My latest recipe took all of one minute to find via Supercook: Martha Stewart’s No-Knife Pasta Recipe (I will have to add some protein to my “pantry” later this week):

Ingredients

  • 1 pound pasta
  • Coarse salt and freshly ground pepper
  • 4 medium tomatoes (about 2 pounds) cored and torn into 3/4-inch pieces
  • 1/2 cup coarsely torn basil leaves, plus more for garnish
  • 1/2 cup extra-virgin olive oil
  • 3 tablespoons coarsely torn oregano leaves
  • 4 medium cloves garlic, smashed
  • 1/2 teaspoon crushed red-pepper flakes
  • 1/4 pound fresh mozzarella, torn into 1/2-inch pieces (optional)

Directions

  1. Bring a large pot of salted water to a boil. Add pasta and
    cook until al dente, according to package directions.
  2. While pasta is cooking, in a large bowl, combine tomatoes, basil, olive oil, oregano, garlic, and red-pepper flakes; season with salt and pepper. Let stand at room temperature up to 8 hours.
  3. Drain spaghetti in a colander and add to tomato mixture. Add mozzarella and toss to combine. Garnish with basil and serve immediately.

localmotion

I’ve been having trouble with my food shopping. I’ve been trying to make the move to eat local and healthy but I also can’t seem to figure out what’s in-season and how I should be eating it… I could ask a million questions at the Farmer’s Market but that just results in mean-mugging from the hurried Union Square shopper behind me who has an expendable income and doesn’t have to rationalize her purchases or ration serving sizes to make an eggplant constitute three meals. I’m sure that I can have a different cuisine every night if I shop smart even at Whole Foods (in the canned, bulk or frozen foods aisle)… But in addition to reducing my carbon footprint (have you seen the amount of packaging on the 365 brand goods? AND where are those canned goods coming from?) I’m trying to support local farmers and small businesses–which means higher price-points for things like eggs and meat, as well as carefully planned weekly meals. Rather than continue to line the pockets of billionaires I think we should all make the effort to help our local/small businesses flourish!

I found this nifty local foods wheel at McNally Jackson (an independent bookstore on Prince Street) and it is really helping me understand local foods.

GrowNYC is also a great sourse to locate local farmers markets around New York for each day of the week. The Union Square market is the easiest because it’s open Mondays, Wednesdays, Fridays and Saturdays, 8AM-6PM, year round. It is a few stops on the train in the winter and a nice walk from Battery Park (my nabe) in the warmer months. If I wasn’t so terrified to ride a bike I could be super green and peddle my way around.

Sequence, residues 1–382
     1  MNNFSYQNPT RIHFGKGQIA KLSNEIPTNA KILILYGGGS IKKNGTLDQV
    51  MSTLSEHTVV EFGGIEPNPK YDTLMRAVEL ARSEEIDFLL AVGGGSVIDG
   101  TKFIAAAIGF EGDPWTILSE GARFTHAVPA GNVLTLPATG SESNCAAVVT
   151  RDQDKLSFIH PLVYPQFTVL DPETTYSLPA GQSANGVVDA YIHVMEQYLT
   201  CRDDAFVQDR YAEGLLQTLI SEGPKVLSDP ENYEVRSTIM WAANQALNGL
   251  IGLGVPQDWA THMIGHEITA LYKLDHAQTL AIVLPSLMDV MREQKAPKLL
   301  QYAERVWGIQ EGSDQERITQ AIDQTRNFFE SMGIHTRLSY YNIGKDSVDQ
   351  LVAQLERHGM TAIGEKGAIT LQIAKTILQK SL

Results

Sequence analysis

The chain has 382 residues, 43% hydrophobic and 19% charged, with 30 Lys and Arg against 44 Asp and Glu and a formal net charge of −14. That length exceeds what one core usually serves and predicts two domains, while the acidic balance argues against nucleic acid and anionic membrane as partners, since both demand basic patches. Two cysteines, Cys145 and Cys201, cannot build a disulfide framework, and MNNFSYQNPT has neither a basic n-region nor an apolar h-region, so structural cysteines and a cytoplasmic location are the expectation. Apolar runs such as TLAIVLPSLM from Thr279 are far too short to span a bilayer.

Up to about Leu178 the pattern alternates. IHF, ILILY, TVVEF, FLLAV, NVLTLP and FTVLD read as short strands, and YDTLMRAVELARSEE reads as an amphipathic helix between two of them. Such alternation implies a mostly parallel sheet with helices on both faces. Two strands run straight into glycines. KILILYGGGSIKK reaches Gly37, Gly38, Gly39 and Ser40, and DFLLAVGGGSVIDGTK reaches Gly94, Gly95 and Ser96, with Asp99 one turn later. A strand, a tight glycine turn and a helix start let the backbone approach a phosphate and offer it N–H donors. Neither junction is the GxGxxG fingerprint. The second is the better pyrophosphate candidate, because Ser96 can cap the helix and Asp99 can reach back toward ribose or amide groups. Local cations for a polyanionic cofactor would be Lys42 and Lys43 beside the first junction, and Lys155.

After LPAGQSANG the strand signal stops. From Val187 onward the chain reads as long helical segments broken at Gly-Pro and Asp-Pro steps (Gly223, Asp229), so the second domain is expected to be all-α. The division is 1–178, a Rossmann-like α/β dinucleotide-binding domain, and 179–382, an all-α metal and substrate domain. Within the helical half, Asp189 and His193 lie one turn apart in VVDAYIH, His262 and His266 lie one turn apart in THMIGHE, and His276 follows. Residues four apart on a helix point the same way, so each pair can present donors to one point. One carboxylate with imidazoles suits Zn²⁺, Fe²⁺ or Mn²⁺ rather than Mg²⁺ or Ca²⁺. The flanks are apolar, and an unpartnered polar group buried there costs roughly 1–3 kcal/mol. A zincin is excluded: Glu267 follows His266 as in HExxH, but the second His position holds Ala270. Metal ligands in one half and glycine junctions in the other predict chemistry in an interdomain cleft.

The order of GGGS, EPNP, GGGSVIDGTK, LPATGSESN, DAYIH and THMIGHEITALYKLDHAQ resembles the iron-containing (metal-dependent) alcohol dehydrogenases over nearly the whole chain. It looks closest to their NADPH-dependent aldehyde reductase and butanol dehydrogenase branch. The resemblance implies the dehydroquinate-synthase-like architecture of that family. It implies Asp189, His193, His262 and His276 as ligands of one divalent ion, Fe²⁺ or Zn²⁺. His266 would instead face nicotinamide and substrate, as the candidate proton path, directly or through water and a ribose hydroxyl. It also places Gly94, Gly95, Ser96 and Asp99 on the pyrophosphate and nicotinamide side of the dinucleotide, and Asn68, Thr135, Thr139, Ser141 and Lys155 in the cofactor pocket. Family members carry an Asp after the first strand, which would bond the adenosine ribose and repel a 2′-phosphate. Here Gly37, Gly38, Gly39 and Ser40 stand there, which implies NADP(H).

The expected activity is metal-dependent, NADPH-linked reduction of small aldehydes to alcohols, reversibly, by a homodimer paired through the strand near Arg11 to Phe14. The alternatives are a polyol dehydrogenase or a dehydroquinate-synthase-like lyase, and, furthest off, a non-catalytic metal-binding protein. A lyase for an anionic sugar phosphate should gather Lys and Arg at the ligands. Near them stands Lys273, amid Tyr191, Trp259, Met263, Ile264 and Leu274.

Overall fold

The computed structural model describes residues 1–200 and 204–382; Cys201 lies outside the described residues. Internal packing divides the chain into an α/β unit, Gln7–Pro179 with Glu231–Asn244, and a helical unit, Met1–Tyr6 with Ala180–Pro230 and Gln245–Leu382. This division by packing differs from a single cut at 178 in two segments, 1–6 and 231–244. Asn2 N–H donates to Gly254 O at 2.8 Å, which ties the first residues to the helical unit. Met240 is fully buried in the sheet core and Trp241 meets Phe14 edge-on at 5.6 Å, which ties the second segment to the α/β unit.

Every Wednesday they have cooking demonstrations with local chefs, restaurants and Union Square Market Managers and FREE cooking advice from Josh Stokes of Grill-A-Chef (9am-12pm). His most recent blog post is a super easy pasta recipe. Pasta is my go-to dish because it’s easy to make and super cheap…and I’m Italian, we all know Italians can have pasta three meals a day and never tire of it.

Simple Pasta for Four

  • 1 lb. Pasta (fresh or dry)
  • 2 cups Chicken Stock (low sodium)
  • ½ cup Aged salty cheese, grated
  • 2 tbsps Butter, cut into little chunks
  • 2 tbsps Extra Virgin Olive Oil

1. In a deep pot bring at least a gallon of salted water to a boil over high heat. (1 tsp of salt to every qt.)

2. Once you reach a rolling boil, drop in the pasta and stir immediately, continue to stir every 30 seconds or so for the first three minutes. It’s these first minutes when the pasta will bind together, so keep it moving.

3. In a large skillet bring the chicken stock to a boil and reduce by about half. (Ideally it is reduced about the time the pasta is ready to go)

4. Once cooked to your liking, strain the pasta. Add it to the simmering stock.

5. Working over medium high heat, add the butter, olive oil, and cheese; season with salt and pepper. Moving the pan in a circular motion, use tongs to stir the pasta briskly. (you can pick the pan up and toss it if you’re comfy with that.) Good movement is imperative to mixing the stock and the fat (butter and oil) into a sauce while melting the cheese.

6. This is where the learning curve comes in. You have to taste and adjust your sauce. If it’s not saucy enough, add more stock, if it’s too saucy allow it to cook down a little longer over the flame. If it needs salt, give it a pinch or reach for some more cheese.

Josh also recommends adding in any combination of extras at the end.
Here are a few items from my local foods wheel that are available: Onions, Mushrooms, Arugula, Garlic and Brussels Sprouts.